Growing up in the 1970s and watching Monty Python, Morecambe & Wise were like the comedy act you hated to love. Yet they were nevertheless very likeable and their shows have actually aged better than much of Monty Python.
With his usual exhaustive detail and indexing, Graham McCann has done the best job yet of chronicling their topsy-turvey career. He can't any more than anyone else distill in print what made Eric Morecambe funny (he just was) but at least he does Ernie Wise the long overdue service of showing what a brilliant foil he was, as well as being a talented performer in his own right. The way he was treated as an embarrassing remnant after Morecambe died was quite staggeringly cruel.
Any failings? Perhaps McCann is too kind at times. Morecambe, a twitchy perfectionist who lived off cigarettes and nervous energy and beat the odds in living to 58, must have been a nightmare to work with at times. And did they really stand so far ahead of all their peers? Maybe so, but this isn't the place to confirm it, because the book has nothing positive to say about them. Admittedly Mike and Bernie Winters were the main rivals at first...!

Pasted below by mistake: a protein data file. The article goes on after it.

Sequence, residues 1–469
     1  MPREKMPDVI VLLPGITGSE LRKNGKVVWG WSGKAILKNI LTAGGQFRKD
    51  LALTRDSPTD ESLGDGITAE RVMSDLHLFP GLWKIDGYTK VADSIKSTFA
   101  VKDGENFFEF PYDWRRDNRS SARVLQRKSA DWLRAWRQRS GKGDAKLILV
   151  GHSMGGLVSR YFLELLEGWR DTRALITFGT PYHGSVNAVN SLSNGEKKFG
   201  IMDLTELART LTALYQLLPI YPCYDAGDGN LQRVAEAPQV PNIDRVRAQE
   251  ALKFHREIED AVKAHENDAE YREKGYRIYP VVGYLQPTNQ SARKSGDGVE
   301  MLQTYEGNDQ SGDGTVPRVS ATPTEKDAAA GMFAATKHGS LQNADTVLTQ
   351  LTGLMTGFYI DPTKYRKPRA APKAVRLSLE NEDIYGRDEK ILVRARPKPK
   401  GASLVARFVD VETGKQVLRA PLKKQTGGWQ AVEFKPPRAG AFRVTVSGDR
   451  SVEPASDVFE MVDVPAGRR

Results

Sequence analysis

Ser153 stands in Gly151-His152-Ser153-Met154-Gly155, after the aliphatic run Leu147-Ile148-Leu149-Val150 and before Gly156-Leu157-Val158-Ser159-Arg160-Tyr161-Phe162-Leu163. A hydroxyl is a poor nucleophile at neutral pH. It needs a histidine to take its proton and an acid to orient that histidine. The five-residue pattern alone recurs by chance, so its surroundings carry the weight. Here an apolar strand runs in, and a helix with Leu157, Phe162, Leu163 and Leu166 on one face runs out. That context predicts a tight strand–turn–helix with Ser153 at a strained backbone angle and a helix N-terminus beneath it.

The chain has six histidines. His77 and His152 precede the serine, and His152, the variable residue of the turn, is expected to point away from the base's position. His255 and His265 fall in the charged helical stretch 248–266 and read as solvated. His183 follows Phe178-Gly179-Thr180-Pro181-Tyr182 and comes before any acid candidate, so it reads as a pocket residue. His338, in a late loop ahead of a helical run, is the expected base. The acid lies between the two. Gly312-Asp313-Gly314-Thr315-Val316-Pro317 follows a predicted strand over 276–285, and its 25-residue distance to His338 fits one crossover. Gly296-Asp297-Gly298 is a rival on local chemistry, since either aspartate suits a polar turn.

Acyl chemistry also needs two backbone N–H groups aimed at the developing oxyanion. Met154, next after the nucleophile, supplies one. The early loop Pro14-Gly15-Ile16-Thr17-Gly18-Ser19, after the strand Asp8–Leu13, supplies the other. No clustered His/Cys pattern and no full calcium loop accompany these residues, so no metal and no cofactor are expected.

What is most interesting to note, perhaps, is how, as McCann puts it, they became stars in the '60s while quite obviously not being of the '60s. As middle-aged, happily married, small 'c' - but possibly also large 'C' -conservative figures who did not write their own material, they were right against the ethos of the age yet somehow were accommodated in it. For talent and persistence, they deserved it and this book shows how and why.
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